There are a lot of elaborate tools out there for widening your stereo image. Whether they’re for making a stereo track sound ”more stereo” or faking a stereo image for a mono track, they can surely be both a blessing and a curse.
A wide stereo image can sound lovely, but though it’s often a very euphonic effect, it can mess with phase to the point where you end up losing punch and mono compatibility. Even though we tend to like wide mixes, it’s often the mixes that hold together best when summed to mono that will also sound best in stereo.
Stereo width is essentially a simple concept: it’s mostly about how much difference there is between the left and the right channel. The greater the difference, the wider the mix will appear to your brain. Most of the time you don’t really need all the bells and whistles that come with the high-end plugins.
For the record, I’m not opposed to using fancy mixing tools, but I do think it’s a great learning experience to dig in and do things manually before using a prefabricated solution.
There is so much raw creativity waiting to be unleashed once you start experimenting with some basic concepts.
It Starts with Arrangement
Before you even record, program or mix anything, you can work out your arrangement to aim for a wide stereo field. If you have two guitars, or any instrument playing chords, a classic way of mixing them to get a wide sounding mix is by panning one of them all the way to the left and the other all the way to the right.
This is a good start and perhaps they’re already perfectly arranged to achieve maximum width in the mix. But in case they aren’t, let’s go through some techniques to increase the difference between the right and left channel.
There are two aspects of the sounds that I’ll go into here: texture, either through basic arrangement of the notes played or through processing—and how the sound is placed in the space.
Let’s start with the chord voicings. If you’re playing a C major chord on a keyboard or guitar, chances are that the sequence of the notes will be stacked like this: C (root note) – E (major third) – G (fifth). Arrange the parts stacking the notes differently for the other instrument. Simply put a different note at the bottom, for example G. The sequence will then be G – C – E. This can be done in a number of ways, but try out different combinations to see what’s most effective for your song.
Another way to do it is playing one of the instruments in a higher or lower octave. This is less subtle than the previous technique and can also be combined with the voicing technique.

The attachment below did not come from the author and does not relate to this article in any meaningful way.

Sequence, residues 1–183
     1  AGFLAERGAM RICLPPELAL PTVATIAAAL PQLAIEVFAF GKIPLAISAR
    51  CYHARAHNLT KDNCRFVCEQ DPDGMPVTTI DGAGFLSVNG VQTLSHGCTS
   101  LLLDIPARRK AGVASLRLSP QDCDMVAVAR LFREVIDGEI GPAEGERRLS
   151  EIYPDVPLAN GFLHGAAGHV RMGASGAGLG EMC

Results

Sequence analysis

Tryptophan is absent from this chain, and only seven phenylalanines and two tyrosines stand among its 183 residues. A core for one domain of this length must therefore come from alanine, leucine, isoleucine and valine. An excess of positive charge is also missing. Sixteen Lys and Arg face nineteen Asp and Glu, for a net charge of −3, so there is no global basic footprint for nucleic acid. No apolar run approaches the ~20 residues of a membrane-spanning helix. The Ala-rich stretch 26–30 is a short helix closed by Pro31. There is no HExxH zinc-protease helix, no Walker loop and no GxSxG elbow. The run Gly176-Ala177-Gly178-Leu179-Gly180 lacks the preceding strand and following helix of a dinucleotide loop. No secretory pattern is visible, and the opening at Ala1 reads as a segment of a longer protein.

Arranging like this will not only make the stereo field appear wider, but the mix will sound richer, it has a good chance of sounding great in mono, and it’ll inevitably need less EQ. All of this just cannot be achieved by using a widening plugin.
Additional Texture and Space
Another great way to increase the difference between the left and right channel in an organic way is by placing the two instruments differently in time and space.
Try putting one of the instruments through a reverb and the other through a tape delay.
Use two different amplifiers/speakers or emulations of such things (more on widening using speaker emulations below).
Play with filters and tone controls while listening to both instruments in context to ultimately find the most pleasing combination.
While mid/side EQ is becoming a pretty standard feature for EQ plugins, it still borders on being ”fancy”, so we’ll stick with basic EQ modes for this article.
Insert an EQ on both tracks, linear phase mode works best for this. Do a slight boost on one of the tracks—a bell curve boosting a few dB somewhere in the upper-mids is a good starting point.
On the other track, do the opposite curve using the same center frequency, Q value and dB, but doing a cut instead. This technique will increase the difference between the channels without changing the overall frequency content. Depending on the EQ used it should sum fairly well to mono.
Another EQ technique I’m really fond of is designed to emulate the imperfections of an analog console when you’re doing EQ on a stereo track with separate EQs on two mono channel strips panned left and right.
To do this, copy the EQ settings from one of the tracks to the other track, and make small deliberate changes in all of the parameters. The changes you make are extremely small, like a third of a dB and so on, but the changes will stack up since you’re doing it to the Q value, the center frequency and the amount of boost or attenuation. The difference should be big enough to be heard but small enough to avoid any major phase issues.
Phase Inversion Tricks
A pretty cool and subtle technique to achieve a convincing stereo image for mono sounds involves using speaker emulations or short reverbs. Loading an impulse of a guitar cabinet into a convolution (IR) reverb is a great way to go here.
Algorithmic speaker emulations and reverbs with a reverb time well under a second can work too.
Here’s the recipe: Use two mono auxes and, on both aux tracks, insert a trim plugin or any other plugin that lets you flip the polarity (phase). Insert your choice of speaker emulation and pan the auxes hard left/right and flip the polarity on one of the auxes.
On your mono track, turn up the sends to both of the auxes until you have a stereo image you like. This stereo effect has the great advantage that it will disappear completely in mono without messing up the phase of the original track.
Another technique every mixer should know about is the Haas technique. It’s been explained many times, so I won’t go into it here, but you’re wise to look it up if it’s not familiar to you.
source : Cristofer Odqvist is an audio engineer, producer and composer based in Stockholm, Sweden.